Appellant was indicted for murder. He was tried before a jury and found guilty of voluntary manslaughter. Appellant's motion for new trial was denied and he appeals.
1. Relying upon Francis v. Franklin, 471 U. S. ---- (105 SC 1965, 85 LE2d 344) (1985), appellant contends that certain portions of the trial court's jury instructions were unconstitutionally burden-shifting. Considering the language of the contested instructions, there was no error. See Lingerfelt v. State, 255 Ga. 180
, 181 (4) (336 SE2d 250
2. Appellant filed a challenge to the array of the traverse jury, which had been computer-selected from a master list comprised primarily of the registered voters in the county. See OCGA 15-12-40
(b). The trial court conducted a hearing on appellant's challenge and denied it. This ruling is enumerated as error. According to the enumeration, "the trial court erred in refusing to grant appellant's challenge to the array of the traverse jury, as the computer selection process then in use in the Superior Court of Whitfield County failed to randomly select the jury panels as required by law, and thus denied appellant his Sixth Amendment right to a trial by an impartial jury."
"A defendant is entitled to an array of properly drawn, impartial jurors to which he may direct his peremptory challenges. A party is entitled to this as a matter of right; but, conversely, he is entitled to no more. [Cit.]" Dampier v. State, 245 Ga. 427
, 433 (265 SE2d 565
) (1980). "There is no constitutional guarantee that the grand or petit juries, impanelled in a particular case will constitute a representative cross-section of the entire community. 'A defendant is not constitutionally entitled to a venire or jury roll of any particular composition . . . [Cit.]' [Cit.] What the Constitution does require is 'that the state not deliberately and systematically exclude identifiable and distinct groups from their jury lists.' [Cit.]" Campbell v. State, 240 Ga. 352
, 356 (240 SE2d 828
Appellant apparently makes no contention that the initial elements and stages of the jury selection process were not randomly neutral. His sole contention appears to be that the ultimate arrangement of the names of the selected jurors on the final computer printout was not randomly neutral. At the hearing on appellant's challenge, it was shown that the jurors selected were listed on the final printout according to their corresponding voter registration number, with the individual who had been assigned the lowest voter registration number being first on the computer printout and the one with the highest number being last. It further appeared that the computer was not specifically programmed to rearrange the randomly selected jurors in this order. Rather, the master list from which the selections were made was itself arranged in sequential order of voter registration number. The computer was merely programmed to initiate its selection process from a randomly selected position in the master list and then to scan the entire length thereof, selecting jurors at regular intervals so as to insure that individuals from all segments of the master list would be chosen. The arrangement of the names on the final printout was purely the consequence of the fact that the computer was also programmed to list the jurors in order of their random selection from the master list.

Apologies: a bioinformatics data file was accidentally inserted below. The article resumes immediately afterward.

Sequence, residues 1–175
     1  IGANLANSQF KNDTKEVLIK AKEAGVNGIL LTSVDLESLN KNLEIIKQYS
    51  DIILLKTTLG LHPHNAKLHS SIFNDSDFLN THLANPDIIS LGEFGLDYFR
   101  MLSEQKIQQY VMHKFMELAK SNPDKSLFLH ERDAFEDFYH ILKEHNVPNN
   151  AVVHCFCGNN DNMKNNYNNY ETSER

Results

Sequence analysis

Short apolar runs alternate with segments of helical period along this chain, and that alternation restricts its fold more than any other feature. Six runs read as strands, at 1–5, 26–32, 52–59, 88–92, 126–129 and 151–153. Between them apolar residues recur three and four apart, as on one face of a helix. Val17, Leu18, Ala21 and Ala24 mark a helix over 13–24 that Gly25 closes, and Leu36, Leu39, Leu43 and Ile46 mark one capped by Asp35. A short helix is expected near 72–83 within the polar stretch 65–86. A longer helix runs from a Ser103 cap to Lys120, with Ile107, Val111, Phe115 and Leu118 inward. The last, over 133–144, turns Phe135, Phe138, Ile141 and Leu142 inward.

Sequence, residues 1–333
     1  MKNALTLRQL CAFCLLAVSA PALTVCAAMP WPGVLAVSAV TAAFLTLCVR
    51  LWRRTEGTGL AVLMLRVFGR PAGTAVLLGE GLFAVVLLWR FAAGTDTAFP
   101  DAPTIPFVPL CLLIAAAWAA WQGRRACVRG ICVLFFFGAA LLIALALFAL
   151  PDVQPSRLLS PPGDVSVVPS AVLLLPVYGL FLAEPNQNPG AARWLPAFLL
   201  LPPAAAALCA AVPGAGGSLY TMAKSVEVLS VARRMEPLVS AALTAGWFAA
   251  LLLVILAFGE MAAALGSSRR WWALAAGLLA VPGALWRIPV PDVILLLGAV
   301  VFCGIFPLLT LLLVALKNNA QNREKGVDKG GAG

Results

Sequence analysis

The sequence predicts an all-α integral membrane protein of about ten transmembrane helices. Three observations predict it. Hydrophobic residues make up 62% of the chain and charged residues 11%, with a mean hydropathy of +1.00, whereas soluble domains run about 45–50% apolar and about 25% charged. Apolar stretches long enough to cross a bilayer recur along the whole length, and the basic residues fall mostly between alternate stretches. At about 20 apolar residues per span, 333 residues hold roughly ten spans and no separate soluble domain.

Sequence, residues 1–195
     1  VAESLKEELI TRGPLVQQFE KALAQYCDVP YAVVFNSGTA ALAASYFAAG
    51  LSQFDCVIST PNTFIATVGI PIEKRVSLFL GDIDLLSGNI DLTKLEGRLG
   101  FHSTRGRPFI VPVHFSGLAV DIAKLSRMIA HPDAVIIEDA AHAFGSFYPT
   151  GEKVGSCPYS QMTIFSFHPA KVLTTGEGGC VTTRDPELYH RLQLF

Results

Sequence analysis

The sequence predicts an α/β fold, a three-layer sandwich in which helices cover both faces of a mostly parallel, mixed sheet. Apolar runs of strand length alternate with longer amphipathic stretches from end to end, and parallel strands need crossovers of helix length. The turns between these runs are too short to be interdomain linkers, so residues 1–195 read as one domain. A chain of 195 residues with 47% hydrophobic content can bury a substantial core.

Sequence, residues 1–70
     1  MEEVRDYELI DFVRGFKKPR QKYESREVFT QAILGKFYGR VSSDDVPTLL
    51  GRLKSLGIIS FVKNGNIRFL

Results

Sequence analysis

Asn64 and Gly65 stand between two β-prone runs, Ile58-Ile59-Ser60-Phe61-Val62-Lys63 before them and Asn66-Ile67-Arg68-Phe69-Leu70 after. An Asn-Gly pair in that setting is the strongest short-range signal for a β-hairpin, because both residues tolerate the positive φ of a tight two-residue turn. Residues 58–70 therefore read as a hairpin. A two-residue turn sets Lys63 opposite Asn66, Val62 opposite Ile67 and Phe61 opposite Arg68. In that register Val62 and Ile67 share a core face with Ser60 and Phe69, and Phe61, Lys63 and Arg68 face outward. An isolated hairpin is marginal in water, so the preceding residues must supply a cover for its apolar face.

" 'Criminal defendants in state courts may challenge discriminatory selections of grand and petit juries through the equal protection clause of the Fourteenth Amendment. [Cits.]' [Cit.] Moreover, criminal defendants in state courts have the right to challenge, under the Sixth Amendment, petit juries not selected from a fair cross selection of the community. [Cit.] The two challenges are not entirely analogous. [Cits.] However, common to each is the requirement that the defendant must establish prima facie that a distinct and identifiable group in the community is substantially underrepresented on the jury venire being challenged." Wilson v. State, 250 Ga. 630
, 635 (3a) (300 SE2d 640
) (1983). Our review of the transcript of the hearing on appellant's challenge shows that there was a total failure on his part to establish prima facie that those who were more recently registered voters and those who had been registered for a longer period were "distinct and identifiable" groups in the community. See generally Berryhill v. State, 249 Ga. 442
, 445 (3) (291 SE2d 685
) (1982). Compare Parks v. State, 254 Ga. 403
, 409 (6b) (330 SE2d 686
Thus, the record shows no viable constitutional challenge to the randomness seemingly inherent in the initial master listing of all individuals eligible for jury service by the order in which they happen to have registered to vote. Likewise, there was no challenge to the initial programmed randomness of selecting jurors from a scan of the entire list of registered voters. Under these circumstances, the sole thrust of appellant's argument becomes merely that the Constitution entitles him to an additional final computer printout comprised of another entirely random arrangement of the previously randomly selected individuals. "While an additional random selection might be better in terms of fairness to counsel trying a number of cases in a short period of time, by decreasing the chance that a given panel of jurors would remain as a group and meet the same attorney again, the lack of such an additional selection is not a deficiency in terms of . . . the Constitution." United States v. Haley, 521 FSupp. 290, 294 (N.D. Ga. 1981). Since appellant failed to establish a timely prima facie case of unconstitutional jury discrimination, the trial court did not err in denying appellant's challenge to the array of the traverse jury. See generally Wilson v. State, supra.
Jacques O. Partain III, District Attorney, Steven M. Harrison, Assistant District Attorney, for appellee